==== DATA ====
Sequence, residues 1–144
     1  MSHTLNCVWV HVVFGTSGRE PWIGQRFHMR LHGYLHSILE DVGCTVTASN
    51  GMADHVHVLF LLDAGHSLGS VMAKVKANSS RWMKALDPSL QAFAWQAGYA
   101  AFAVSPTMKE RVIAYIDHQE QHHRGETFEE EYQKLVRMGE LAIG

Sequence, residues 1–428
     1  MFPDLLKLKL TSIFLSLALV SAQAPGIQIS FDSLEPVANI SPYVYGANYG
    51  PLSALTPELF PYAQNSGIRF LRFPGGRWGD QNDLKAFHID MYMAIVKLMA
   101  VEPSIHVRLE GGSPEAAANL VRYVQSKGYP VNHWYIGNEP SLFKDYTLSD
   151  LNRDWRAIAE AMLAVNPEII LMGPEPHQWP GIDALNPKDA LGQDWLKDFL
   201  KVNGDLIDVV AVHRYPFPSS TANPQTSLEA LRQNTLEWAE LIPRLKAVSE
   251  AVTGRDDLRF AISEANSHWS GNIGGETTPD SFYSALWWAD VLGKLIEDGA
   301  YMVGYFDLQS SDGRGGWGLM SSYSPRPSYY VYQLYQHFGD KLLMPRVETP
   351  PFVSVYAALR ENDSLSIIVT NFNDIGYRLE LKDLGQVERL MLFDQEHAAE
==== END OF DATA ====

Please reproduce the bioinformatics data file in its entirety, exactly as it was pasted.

Sequence, residues 1–144
     1  MSHTLNCVWV HVVFGTSGRE PWIGQRFHMR LHGYLHSILE DVGCTVTASN
    51  GMADHVHVLF LLDAGHSLGS VMAKVKANSS RWMKALDPSL QAFAWQAGYA
   101  AFAVSPTMKE RVIAYIDHQE QHHRGETFEE EYQKLVRMGE LAIG

Sequence, residues 1–428
     1  MFPDLLKLKL TSIFLSLALV SAQAPGIQIS FDSLEPVANI SPYVYGANYG
    51  PLSALTPELF PYAQNSGIRF LRFPGGRWGD QNDLKAFHID MYMAIVKLMA
   101  VEPSIHVRLE GGSPEAAANL VRYVQSKGYP VNHWYIGNEP SLFKDYTLSD
   151  LNRDWRAIAE AMLAVNPEII LMGPEPHQWP GIDALNPKDA LGQDWLKDFL
   201  KVNGDLIDVV AVHRYPFPSS TANPQTSLEA LRQNTLEWAE LIPRLKAVSE
   251  AVTGRDDLRF AISEANSHWS GNIGGETTPD SFYSALWWAD VLGKLIEDGA
   301  YMVGYFDLQS SDGRGGWGLM SSYSPRPSYY VYQLYQHFGD KLLMPRVETP
   351  PFVSVYAALR ENDSLSIIVT NFNDIGYRLE LKDLGQVERL MLFDQEHAAE